Medal of Honor Recipients

About the 1st Division

Medal of Honor Recipients


The Medal of Honor is the military’s highest and most prestigious award for combat valor.

When reading a Medal of Honor citation you will often find words like: indomitable spirit, sacrifice, valor, courage, inspiration, intrepidity, sacrifice, and gallantry used to describe the recipient. It is the military’s highest award for combat valor and the most prestigious award a service member can earn. President Harry Truman, a World War I veteran, once told a gathering of World War II recipients, “I’d rather have this medal than be president.” To earn the Medal, which is awarded in the name of Congress, a U.S. service member must distinguish himself conspicuously, by gallantry and intrepidity, at the risk of his life, above and beyond the call of duty, in an action that sets the individual apart from his comrades, in action against an enemy.

Links + Resources

About the 1st Division

World War I


The United States of America entered World War I on April 6th, 1917.

Created in June 1917, the 1st Division was the first American division sent to fight on the Western Front in France with the Allied armies. The first American victory in World War I was won by the 1st Division at the Battle of Cantigny on May 28, 1918. After Cantigny, the 1st Division participated in the major battles of Soissons, St. Mihiel and the Meuse-Argonne.

During those six months of combat for the United States in 1918, the Medal of Honor was awarded to 119 recipients, 33 of whom received the Medal of Honor posthumously. The U.S. Army had 86 recipients, the U.S. Navy had 21 recipients, the U.S. Marine Corps had 8 recipients and the U.S. Army Air Service had 4 recipients. Out of the total 119 Medal of Honors awarded in World War I, 1st Division soldiers received 5, of which one was awarded posthumously.

* Denotes a posthumous award

Recipients

About the 1st Division

World War II


America entered World War II on Dec. 7, 1941.

The first American division sent to Europe, the 1st Infantry Division arrived in Great Britain in July 1942. Led by MG Terry Allen, the Big Red One led the amphibious assault near Oran in French Algeria on Nov. 8, 1942. The 1st Infantry Division fought its way east across North Africa to Tunisia. By 1943, the Big Red One achieved victory at the Battle of El Guettar and helped liberate Tunisia. On July 10, 1943, the 1st Infantry Division participated in its second amphibious assault during the invasion of Sicily. After fierce fighting at the beachhead, the Division then fought across the center of Sicily to confront the German forces at the Battle of Troina.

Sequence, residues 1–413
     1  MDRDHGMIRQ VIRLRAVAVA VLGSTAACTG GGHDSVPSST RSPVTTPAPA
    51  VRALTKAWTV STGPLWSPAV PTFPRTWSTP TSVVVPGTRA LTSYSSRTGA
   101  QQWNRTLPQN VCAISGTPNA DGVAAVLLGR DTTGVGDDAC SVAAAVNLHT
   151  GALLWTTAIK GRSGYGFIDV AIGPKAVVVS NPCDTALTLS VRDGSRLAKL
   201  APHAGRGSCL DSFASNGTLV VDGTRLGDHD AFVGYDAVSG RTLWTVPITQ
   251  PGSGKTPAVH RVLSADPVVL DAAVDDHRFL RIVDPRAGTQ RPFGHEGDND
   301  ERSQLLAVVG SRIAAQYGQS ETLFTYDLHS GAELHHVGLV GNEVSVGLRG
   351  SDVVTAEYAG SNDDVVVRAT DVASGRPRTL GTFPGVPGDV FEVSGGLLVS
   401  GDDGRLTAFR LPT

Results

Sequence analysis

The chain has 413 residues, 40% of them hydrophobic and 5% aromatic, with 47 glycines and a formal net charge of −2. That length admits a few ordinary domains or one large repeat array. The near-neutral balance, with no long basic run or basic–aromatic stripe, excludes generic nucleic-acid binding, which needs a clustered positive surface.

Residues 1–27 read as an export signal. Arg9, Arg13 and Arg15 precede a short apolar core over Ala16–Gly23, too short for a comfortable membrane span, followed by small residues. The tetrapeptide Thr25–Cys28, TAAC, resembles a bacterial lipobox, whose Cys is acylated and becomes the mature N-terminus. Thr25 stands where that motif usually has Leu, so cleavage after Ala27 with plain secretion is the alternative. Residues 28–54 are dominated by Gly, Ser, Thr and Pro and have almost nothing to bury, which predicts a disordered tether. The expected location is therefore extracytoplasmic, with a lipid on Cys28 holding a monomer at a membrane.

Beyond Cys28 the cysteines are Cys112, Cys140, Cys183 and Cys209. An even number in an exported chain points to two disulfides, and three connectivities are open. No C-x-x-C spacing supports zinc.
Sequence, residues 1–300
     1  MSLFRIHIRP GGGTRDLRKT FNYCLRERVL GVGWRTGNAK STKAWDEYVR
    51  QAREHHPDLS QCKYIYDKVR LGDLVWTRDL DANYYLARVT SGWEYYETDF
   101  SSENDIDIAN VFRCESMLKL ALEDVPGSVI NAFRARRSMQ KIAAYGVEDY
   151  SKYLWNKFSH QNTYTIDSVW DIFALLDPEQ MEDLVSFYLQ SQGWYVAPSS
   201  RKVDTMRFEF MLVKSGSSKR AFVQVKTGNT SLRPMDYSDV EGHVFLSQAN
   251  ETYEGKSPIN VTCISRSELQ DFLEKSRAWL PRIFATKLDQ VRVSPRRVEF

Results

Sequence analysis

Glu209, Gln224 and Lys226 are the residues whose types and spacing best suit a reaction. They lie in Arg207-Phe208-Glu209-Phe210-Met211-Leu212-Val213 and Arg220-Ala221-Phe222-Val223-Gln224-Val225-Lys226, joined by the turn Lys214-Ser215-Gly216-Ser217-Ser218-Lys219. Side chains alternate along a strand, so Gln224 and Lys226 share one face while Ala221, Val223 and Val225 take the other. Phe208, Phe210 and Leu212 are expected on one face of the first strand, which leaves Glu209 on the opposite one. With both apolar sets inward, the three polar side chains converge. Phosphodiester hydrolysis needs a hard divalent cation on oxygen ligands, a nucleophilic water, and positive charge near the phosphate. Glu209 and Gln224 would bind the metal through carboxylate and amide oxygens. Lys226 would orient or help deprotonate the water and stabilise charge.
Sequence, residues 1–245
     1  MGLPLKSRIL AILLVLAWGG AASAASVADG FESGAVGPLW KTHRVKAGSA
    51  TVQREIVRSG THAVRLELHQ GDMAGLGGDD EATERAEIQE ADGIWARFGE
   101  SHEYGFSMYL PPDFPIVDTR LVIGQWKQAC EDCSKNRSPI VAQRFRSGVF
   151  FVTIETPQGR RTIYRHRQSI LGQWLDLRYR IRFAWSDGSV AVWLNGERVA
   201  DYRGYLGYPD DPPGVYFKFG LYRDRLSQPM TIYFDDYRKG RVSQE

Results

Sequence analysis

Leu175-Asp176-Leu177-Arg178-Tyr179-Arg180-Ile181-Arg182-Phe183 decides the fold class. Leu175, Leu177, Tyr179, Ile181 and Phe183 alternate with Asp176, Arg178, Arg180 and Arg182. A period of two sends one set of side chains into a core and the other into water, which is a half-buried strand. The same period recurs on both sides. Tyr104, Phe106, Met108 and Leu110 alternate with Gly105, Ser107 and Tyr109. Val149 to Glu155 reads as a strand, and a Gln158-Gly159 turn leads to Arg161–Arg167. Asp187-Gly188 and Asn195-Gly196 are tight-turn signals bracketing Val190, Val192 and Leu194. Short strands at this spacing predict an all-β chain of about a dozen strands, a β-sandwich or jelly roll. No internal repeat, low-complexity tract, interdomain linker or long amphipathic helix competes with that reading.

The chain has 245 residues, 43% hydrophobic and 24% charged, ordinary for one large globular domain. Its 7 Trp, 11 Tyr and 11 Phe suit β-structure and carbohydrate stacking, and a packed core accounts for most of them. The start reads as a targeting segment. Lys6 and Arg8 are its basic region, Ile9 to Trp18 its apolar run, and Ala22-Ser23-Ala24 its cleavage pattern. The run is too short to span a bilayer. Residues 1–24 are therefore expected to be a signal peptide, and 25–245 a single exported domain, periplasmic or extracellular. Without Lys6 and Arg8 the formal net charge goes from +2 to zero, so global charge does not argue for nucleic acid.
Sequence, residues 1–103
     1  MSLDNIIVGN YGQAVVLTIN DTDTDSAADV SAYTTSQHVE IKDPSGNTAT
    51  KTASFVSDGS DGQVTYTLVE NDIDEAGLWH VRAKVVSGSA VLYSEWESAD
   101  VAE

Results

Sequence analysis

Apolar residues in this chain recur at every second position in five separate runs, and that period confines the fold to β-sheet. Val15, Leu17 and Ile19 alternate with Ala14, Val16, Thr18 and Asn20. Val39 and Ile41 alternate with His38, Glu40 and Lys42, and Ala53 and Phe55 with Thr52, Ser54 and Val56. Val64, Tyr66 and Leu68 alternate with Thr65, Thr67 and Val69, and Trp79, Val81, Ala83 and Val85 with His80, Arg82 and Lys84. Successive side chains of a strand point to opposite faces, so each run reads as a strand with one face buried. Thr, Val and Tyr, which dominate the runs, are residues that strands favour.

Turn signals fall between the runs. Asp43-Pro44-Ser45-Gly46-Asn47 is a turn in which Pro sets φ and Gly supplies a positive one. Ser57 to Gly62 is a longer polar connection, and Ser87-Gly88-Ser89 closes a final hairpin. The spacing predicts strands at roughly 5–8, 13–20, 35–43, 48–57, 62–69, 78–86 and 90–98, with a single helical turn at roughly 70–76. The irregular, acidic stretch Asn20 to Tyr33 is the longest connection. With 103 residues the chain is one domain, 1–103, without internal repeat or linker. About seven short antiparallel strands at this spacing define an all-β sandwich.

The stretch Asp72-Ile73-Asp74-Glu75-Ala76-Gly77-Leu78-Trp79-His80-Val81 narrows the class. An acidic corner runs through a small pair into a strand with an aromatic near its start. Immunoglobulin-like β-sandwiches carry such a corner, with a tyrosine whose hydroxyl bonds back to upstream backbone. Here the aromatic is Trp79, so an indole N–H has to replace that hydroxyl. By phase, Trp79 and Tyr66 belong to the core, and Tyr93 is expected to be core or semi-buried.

After the liberation of Sicily, MG Clarence Huebner now led the Division. The 1st Infantry Division returned to Great Britain in 1943. The Division was selected to lead Force O in the invasion of “Omaha Beach” in Normandy, France. On June 6, 1944, the 1st Infantry Division landed on “Omaha Beach” in the face of intense fire from the German defenses. The Division overcame the enemy forces and penetrated the farthest inland of any of the Allied Forces. Then, the Division participated in the rapid Allied advance across Northern Europe against the retreating German Army.

By September 1944, the 1st Infantry Division had reached the German frontier and breached the Siegfried Line. The Division then led the attack against the Germany city of Aachen. After heavy fighting in October, the Division captured Aachen, making it the first German city to fall to the Allied armies. The Division then went on to fight in the Hurtgen Forest, the northern shoulder of the Battle of the Bulge, and the final push across central Germany. By V-E Day on May 8, 1945, the 1st Infantry Division had reached Cheb, Czechoslovakia.

From Dec. 7, 1941 to V-J Day on Sept. 2, 1945, the Medal of Honor was awarded to a total of 434 recipients, 244 of whom received the Medal of Honor posthumously. The U.S. Army had 259 recipients, the U.S. Marine Corps had 81 recipients, the U.S. Navy had 57 recipients, the U.S. Army Air Force had 37 recipients and the U.S. Coast Guard had one recipient. Out of the total 434 Medals of Honor awarded in World War II, 1st Infantry Division soldiers received 17, of which 9 were awarded posthumously.

* Denotes a posthumous award
** In support of the 1st Division

Recipients

About the 1st Division

Vietnam


As part of the buildup of American troops in the Republic of Vietnam, the 1st Infantry Division was one of the first major units sent to South Vietnam in 1965.